Honolulu is the capital of the state of Hawaii and is located on the southern shore of the island of Oahu. It is known for its iconic crescent beaches, laid-back lifestyle and epic waves, which attract the world’s top surfers as well as keen amateurs. Read on for our picks of the best surf spots in the world’s surfing capital.
Ala Moana Bowls
Ala Moana Bowls is a popular spot among resident surfers, and is best suited to intermediates and professionals. Waves are typically 1ft to 4ft high (0.3m to 1.2m), but can reach up to 12ft (3.6m) on windy days. The convenient location of the beach — between Sunset and Makaha — make it the ideal place to go after a day in the city. The Magic Island side of the beach features a beautiful stretch of sand, while the harbor side has the Hilton beaches — great spots to relax after hitting the waves.
Sunset Beach is the most famous big-wave surfing spot on Oahu’s northern shores, and was the setting for the Duke Kahanamoku Invitational Surfing Championships until 1985. It’s still regarded as one of the biggest tests of a surfer’s ability and hosts the annual Vans Triple Crown of Surfing, which is part of the World Surf League. The beach is absolutely breathtaking, but not recommended for beginners due to its extensive coral formations and the presence of jellyfish. Its best swells come from the northwest and are between 6ft and 10ft (1.8. and 3m) high.
The Banzai Pipeline is found off Ehukai Beach on Oahu’s northern shore, and offers some of the world’s best and deadliest surfing. Powerful waves — usually around 9ft (2.7m), but sometimes as much as 20ft (6m) high — break over a sharp reef just beneath the ocean surface, leaving little room for error. There are also two reefs in deeper water further out, surfable depending on the weather. Those who can rise to Banzai’s challenges may be rewarded with a rideable barrel of their dreams, but it’s certainly not for beginners.
Located on Oahu’s south shore near the Koko Crater, Sandy Beach is one of Hawaii’s premier spots for body surfing and bodyboarding, owing to a surf that breaks very close to its pristine shores. It’s also one of the most picturesque and tranquil beaches on the island, famous for fine yellow sand that gets absolutely everywhere. Top tip: don’t be fooled by the ease with which experienced surfers navigate the waves; a sharp-drop off in the ocean floor near the shoreline can result in powerful rip currents, which often catch beginners off guard.
Kewalos is accessed by taking the stairs leading down from the Diamond Head side of the Ala Moana Beach Park, and frequently hosts the Quiksilver Surf Shop Challenge. It’s a popular spot for intermediate surfers, offering fast-breaking waves that are typically between 4ft and 6ft high (between 1.2m and 1.8m). Hazards to be aware of include sharp reefs, sea urchins, crowded barrels (especially at weekends) and tiger sharks, which have been sighted in the waters between Point Panic and Kakaako. It all adds to the adrenaline rush.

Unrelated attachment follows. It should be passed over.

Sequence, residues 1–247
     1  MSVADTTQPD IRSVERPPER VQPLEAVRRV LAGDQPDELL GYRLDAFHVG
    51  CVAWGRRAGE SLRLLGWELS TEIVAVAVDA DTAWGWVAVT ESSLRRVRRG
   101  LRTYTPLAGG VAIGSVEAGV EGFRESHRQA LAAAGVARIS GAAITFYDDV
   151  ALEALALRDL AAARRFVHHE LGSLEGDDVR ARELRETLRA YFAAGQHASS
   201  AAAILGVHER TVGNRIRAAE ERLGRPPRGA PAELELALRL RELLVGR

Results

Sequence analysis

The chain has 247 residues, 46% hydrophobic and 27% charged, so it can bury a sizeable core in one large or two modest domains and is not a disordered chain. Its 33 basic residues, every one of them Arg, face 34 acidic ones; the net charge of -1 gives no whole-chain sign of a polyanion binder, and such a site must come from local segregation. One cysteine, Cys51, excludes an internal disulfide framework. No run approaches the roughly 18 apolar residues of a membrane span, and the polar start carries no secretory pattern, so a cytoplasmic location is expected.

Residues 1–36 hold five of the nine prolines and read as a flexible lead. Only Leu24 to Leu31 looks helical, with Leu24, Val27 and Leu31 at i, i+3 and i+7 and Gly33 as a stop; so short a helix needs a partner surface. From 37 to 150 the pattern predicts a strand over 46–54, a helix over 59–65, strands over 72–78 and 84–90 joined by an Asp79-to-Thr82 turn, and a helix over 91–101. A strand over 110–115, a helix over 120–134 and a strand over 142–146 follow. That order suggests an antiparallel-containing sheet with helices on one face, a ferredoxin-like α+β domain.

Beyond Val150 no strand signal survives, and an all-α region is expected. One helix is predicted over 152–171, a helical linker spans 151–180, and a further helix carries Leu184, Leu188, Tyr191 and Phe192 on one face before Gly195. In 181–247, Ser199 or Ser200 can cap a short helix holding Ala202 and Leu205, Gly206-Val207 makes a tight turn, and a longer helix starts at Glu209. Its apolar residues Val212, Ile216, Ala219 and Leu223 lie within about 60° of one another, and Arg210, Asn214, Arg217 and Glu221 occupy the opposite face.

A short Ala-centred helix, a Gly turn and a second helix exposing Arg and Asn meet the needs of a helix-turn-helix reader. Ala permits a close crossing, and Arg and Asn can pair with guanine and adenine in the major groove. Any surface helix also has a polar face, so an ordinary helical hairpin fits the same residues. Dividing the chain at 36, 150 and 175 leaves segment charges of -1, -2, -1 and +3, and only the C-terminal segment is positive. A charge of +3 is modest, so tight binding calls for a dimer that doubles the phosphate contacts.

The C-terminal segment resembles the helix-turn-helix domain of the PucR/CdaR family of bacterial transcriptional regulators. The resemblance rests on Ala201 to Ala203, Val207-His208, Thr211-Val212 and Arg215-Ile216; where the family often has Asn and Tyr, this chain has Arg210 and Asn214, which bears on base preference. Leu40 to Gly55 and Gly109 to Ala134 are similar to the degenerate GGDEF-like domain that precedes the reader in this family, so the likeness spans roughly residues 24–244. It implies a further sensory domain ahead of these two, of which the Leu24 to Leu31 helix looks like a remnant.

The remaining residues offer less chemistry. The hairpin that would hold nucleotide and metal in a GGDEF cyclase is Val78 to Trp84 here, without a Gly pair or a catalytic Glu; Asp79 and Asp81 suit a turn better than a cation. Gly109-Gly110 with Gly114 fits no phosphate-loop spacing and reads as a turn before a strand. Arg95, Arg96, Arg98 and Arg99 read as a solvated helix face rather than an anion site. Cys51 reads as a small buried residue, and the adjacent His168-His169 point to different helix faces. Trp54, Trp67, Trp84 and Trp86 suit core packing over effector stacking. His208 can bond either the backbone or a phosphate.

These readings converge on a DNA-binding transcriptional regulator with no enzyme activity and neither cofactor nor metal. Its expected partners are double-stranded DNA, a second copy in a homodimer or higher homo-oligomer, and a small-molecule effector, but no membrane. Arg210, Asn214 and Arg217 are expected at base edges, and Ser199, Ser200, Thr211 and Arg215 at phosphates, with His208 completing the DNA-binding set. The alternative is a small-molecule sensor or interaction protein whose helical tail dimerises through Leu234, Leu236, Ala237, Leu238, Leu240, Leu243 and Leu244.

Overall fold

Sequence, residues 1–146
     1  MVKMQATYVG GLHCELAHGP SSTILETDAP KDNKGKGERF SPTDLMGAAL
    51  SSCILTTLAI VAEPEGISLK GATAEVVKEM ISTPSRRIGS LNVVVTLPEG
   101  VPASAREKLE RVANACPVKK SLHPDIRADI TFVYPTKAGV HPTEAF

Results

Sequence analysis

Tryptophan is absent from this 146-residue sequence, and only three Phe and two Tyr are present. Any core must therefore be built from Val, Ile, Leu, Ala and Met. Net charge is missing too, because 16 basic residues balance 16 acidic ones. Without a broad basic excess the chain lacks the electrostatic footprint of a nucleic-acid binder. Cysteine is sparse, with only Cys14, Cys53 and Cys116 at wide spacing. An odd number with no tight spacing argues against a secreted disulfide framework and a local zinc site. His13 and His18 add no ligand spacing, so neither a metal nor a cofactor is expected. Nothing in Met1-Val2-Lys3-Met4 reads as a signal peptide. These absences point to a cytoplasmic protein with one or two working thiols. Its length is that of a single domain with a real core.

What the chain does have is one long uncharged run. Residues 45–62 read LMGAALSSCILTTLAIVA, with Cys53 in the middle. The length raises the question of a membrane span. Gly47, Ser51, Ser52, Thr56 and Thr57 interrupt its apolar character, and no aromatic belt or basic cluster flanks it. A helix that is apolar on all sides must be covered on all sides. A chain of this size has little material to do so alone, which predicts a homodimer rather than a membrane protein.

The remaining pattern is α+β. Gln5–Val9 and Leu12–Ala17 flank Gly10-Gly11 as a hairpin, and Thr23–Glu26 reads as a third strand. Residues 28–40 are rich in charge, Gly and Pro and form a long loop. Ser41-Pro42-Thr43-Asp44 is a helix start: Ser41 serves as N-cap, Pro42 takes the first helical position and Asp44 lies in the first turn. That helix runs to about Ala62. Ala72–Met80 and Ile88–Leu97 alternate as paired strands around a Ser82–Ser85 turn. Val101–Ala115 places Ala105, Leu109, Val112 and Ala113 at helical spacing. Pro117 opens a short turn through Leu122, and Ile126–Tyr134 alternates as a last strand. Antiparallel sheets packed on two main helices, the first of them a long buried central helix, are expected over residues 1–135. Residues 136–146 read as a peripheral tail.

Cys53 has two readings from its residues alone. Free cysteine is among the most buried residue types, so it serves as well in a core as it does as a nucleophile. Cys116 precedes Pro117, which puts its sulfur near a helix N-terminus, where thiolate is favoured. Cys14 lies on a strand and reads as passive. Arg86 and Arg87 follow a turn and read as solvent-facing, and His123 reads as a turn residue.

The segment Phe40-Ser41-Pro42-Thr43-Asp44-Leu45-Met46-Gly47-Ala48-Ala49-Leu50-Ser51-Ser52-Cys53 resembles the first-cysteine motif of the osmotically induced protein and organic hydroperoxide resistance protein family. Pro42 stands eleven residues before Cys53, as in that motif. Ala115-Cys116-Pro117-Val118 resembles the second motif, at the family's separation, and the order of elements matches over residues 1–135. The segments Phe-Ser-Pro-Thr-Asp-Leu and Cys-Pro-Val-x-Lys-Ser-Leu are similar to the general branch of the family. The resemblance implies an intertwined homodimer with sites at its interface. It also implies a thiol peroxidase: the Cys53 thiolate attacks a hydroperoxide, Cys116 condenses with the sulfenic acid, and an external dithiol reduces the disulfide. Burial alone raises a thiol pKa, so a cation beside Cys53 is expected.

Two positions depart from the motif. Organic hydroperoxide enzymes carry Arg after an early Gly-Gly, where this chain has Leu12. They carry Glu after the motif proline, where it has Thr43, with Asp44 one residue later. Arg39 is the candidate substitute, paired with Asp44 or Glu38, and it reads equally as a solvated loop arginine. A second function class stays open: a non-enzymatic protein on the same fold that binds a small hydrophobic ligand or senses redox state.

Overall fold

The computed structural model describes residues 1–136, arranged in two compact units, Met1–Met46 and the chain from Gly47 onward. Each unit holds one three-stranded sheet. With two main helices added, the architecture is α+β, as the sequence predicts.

Queens Beach is located in the Waikiki area, to the left (if you’re looking out to sea) of where Kapahulu Avenue meets the shoreline. It’s a great spot for beginners or those traveling with kids, offering tranquil, turquoise waters that lend themselves to paddle-boarding and bodyboarding. There’s also some great snorkeling to be enjoyed here, especially on the reef that’s found close to the Waikīkī Aquarium. Free films are shown on a giant screen on Queens on many weekends during the year.
Experienced and novice surfers looking for a fun wave away from the crowds head to Tonggs Beach, a small stretch of stand in the Diamond Head neighborhood (there’s a narrow access path near the junction of Coconut and Kalakaua Avenues). Although it’s not the secret it once was, it’s still often quieter than other beaches in Waikiki and typically offers waves of about 4ft (1.2m) that are perfect for the beginner. Be aware that sharks occupy the clear, deep waters beyond the reef from fall through spring.
Waimea Bay is found just south of Sunset Beach on the northern shores of Oahu. Every winter, it readies itself for the world’s greatest surfing event — the Eddie Aikau Big Wave Invitational, named after the Bay’s first lifeguard and a legendary surfer, and only held when the waves are consistently over 20ft (6m) high. If the waters are too wild and the beach is sealed off (not uncommon), simply relax in the nearby picnic area and watch them roll in. During summer, Waimea’s much calmer waters are ideal for swimming and snorkeling.
Makaha Beach Park
Makaha Beach Park is located on Oahu’s eastern shoreline, a 45-minute drive north from Honolulu. It can get crowded during winter, when huge swells of up to 25ft (7.6m) on the northern end of the beach attract experienced surfers from all over the world. Strong shorebreaks and rip currents can make for dangerous conditions, so be sure to consult the lifeguards before taking on the waves. By complete contrast, Makaha’s waters are calm during summer, making it one of the east shore’s most popular swimming and sunbathing spots.
Additional reporting by Mark Nayler